University of Vermont

College of Medicine

Department of Neurological Sciences



Nishi Lab Research

As the nervous system develops, cell-cell interactions mediated by growth factors as well as synaptic interactions play an important role in survival and differentiation of specific cell types. The goal of our research is to attain a fundamental understanding of how these processes are regulated in the peripheral nervous system and how disruption of these mechanisms may lead to cancer or neurodegenerative disease.

One project in the lab that is funded by the National Institute of Drug Abuse is to understand how nicotinic signaling leads to programmed cell death during development and how this can be controlled. We have recently discovered 6 chicken genes that encode membrane-tethered molecules that fold into structures homologous to alpha-bungarotoxin, a molecule that blocks the activation of alpha-7 subunit containing nicotinic receptors. One of these molecules, the chicken ortholog of prostate stem cell antigen (chPSCA) is upregulated in the ciliary ganglion during the same time that half of the neurons are lost due to cell death. Misexpressing chPSCA rescues neurons from dying, suggesting that it may be an endogenous regulator of nicotinic receptor function. We are presently determining how such prototoxin molecules interact with alpha-7 containing receptors to protect cells from activity induced cell death.

A new pilot project in the lab funded by Alex’s Lemonade Stand is to determine how growth factor signaling through TrkB receptors may lead to the transformation of sympathoadrenal precursors into neuroblastoma. Using a mouse model of neuroblastoma cancer, the TH-MYCN mouse, we have discovered that key pathways of neurotrophin signaling are altered in tumors. We are using tissues from the embryos of these mice to determine how these signals are disrupted during development. We are also developing a new inducible mouse model of neuroblastoma.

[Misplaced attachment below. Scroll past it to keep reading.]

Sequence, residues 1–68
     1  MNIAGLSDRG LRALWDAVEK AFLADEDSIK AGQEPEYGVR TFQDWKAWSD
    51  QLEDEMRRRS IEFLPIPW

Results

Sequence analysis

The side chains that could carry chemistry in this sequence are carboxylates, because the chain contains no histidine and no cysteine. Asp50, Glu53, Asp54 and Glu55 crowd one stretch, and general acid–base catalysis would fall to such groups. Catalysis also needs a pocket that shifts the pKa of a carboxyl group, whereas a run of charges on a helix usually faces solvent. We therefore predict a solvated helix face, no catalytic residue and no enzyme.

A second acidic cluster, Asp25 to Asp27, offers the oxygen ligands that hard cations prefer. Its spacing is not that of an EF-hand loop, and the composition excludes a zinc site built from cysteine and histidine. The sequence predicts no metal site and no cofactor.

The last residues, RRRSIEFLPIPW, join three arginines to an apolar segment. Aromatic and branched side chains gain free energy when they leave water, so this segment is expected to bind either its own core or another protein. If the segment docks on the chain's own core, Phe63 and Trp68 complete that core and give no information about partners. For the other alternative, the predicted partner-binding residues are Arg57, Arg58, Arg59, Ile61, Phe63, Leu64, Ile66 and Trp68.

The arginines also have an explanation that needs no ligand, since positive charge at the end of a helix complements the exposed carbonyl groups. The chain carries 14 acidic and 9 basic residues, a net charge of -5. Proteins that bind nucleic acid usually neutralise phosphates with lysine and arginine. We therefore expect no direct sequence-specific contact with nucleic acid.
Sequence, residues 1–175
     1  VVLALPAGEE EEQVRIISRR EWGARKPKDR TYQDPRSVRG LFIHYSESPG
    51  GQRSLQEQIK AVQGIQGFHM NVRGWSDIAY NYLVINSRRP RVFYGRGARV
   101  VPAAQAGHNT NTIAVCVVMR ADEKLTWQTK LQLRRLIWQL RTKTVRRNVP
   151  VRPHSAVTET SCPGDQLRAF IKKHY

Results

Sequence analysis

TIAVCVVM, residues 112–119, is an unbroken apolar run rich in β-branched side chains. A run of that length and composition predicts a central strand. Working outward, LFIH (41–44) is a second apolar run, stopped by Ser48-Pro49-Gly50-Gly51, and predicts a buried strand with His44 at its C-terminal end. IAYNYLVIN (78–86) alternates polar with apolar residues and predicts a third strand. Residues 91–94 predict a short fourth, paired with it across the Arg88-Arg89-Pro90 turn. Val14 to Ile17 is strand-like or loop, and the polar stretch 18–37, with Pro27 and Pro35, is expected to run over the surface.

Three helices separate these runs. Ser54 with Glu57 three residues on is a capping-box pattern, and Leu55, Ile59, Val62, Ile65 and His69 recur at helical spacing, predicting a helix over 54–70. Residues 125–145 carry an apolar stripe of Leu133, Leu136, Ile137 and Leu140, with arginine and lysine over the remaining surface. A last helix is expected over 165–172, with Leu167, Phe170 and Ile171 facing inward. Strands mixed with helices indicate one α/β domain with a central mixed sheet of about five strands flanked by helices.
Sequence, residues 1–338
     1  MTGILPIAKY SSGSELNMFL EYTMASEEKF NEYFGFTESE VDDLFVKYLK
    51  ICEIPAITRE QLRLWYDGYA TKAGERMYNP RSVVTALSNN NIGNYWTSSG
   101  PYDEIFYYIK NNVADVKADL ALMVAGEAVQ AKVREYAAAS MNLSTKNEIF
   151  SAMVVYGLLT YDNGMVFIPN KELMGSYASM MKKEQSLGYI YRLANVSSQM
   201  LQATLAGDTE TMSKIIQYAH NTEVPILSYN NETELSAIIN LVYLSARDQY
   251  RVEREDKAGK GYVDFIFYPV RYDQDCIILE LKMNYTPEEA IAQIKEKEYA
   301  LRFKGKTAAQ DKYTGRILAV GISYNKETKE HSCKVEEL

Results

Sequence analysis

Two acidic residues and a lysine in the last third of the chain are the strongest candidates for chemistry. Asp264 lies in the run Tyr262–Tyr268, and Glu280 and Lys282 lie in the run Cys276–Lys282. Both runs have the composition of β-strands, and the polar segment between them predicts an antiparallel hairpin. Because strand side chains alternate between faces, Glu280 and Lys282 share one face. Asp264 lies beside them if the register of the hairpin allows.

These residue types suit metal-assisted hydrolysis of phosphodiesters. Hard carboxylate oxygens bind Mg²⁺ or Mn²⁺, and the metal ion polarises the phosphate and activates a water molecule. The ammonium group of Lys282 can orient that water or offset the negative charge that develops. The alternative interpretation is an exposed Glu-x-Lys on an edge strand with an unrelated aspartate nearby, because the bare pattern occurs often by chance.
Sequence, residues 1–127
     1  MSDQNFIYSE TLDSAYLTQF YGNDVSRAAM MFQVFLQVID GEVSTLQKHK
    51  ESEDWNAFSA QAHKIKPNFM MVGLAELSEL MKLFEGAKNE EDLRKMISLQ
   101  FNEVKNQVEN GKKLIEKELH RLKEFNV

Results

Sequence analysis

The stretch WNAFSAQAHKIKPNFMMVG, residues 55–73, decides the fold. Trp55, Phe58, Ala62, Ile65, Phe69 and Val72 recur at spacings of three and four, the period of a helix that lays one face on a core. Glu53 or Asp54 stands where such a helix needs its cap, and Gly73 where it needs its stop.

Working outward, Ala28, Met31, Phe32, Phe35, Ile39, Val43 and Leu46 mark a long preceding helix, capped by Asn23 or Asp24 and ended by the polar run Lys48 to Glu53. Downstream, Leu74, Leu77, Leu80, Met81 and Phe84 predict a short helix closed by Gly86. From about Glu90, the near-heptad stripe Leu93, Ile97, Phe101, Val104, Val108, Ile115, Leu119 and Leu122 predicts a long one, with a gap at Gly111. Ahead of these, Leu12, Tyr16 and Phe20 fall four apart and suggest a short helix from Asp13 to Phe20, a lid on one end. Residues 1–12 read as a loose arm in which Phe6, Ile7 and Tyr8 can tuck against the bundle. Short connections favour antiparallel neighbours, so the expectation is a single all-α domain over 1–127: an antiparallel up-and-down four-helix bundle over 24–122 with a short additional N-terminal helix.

Lab Personnel

Selected Publications

Simpson J, Keefe J and Nishi R. 2012. Differential Effects of Ret and TrkB on Axonal Branching and Survival of Parasympathetic Neurons Dev Neurobiol. In press. Abstract Full Text

Hruska M, Keefe J, Wert D, Tekinay AB, Hulce JJ, Ibañez-Tallon I, Nishi R. (2009). Prostate stem cell antigen is an endogenous lynx1-like prototoxin that antagonizes alpha7-containing nicotinic receptors and prevents programmed cell death of parasympathetic neurons. J Neurosci., 29(47):14847-54. PMID: 19940180. Abstract Full Text

Nishi R, Stubbusch J, Hulce JJ, Hruska M, Pappas A, Bravo MC, Huber LP, Bakondi B, Soltys J, Rohrer H. 2010. The cortistatin gene PSS2 rather than the somatostatin gene PSS1 is strongly expressed in developing avian autonomic neurons. J Comp Neurol. 518:839-850. Abstract

Hruska M. and Nishi R. (2007). Cell-Autonomous Inhibition of α7-Containing Nicotinic Acetylcholine Receptors Prevents Death of Parasympathetic Neurons during Development. J. Neurosci. 27(43):11501-11509. Abstract Full Text

Straub J., Sholler, G. and Nishi, R. (2007). Embryonic sympathoblasts transiently express TrkB in vivo and proliferate in response to brain-derived neurotrophic factor in vitro. BMC Dev Biol. 7:10-23. Abstract Full Text

Bunker, G. and Nishi, R. (2002). Developmental cell death in vivo: rescue of neurons independently of changes at target tissues. J. Comp. Neurol. 452:80-92. Abstract Full Text

Lee, V.L., Sechrist, J.W., Bronner-Fraser, M., and Nishi, R. (2002). Neuronal differentiation from post-mitotic precursors in the ciliary ganglion. Dev. Biol. 252:312-323. Abstract Full Text

Lee, V.L., Smiley, G.G. and Nishi, R. (2001). Cell death and neuronal replacement during formation of the avian ciliary ganglion. Devel. Biol. 233: 437-448. Abstract Full Text

Reiness, C.G., Seppa, M.J., Dion, D.M., Sweeney, S., Foster, D.N. and Nishi, R. (2001). Chick ciliary neurotrophic factor is secreted via a nonclassical pathway. Molec. Cell. Neurosci. 17: 931-944. Abstract

Darland, D.C. and Nishi, R. (1998). Activin and follistatin influence expression of somatostatin in the ciliary ganglion in vivo. Devel. Biol. 202: 293-303. Abstract Full Text

Finn, T.P., Kim, S. and Nishi, R. (1998). Overexpression of ciliary neurotrophic factor in vivo rescues chick ciliary ganglion neurons from cell death. J. Neurobiol. 34:283-293. Abstract Full Text

Last modified September 28 2012 08:30 AM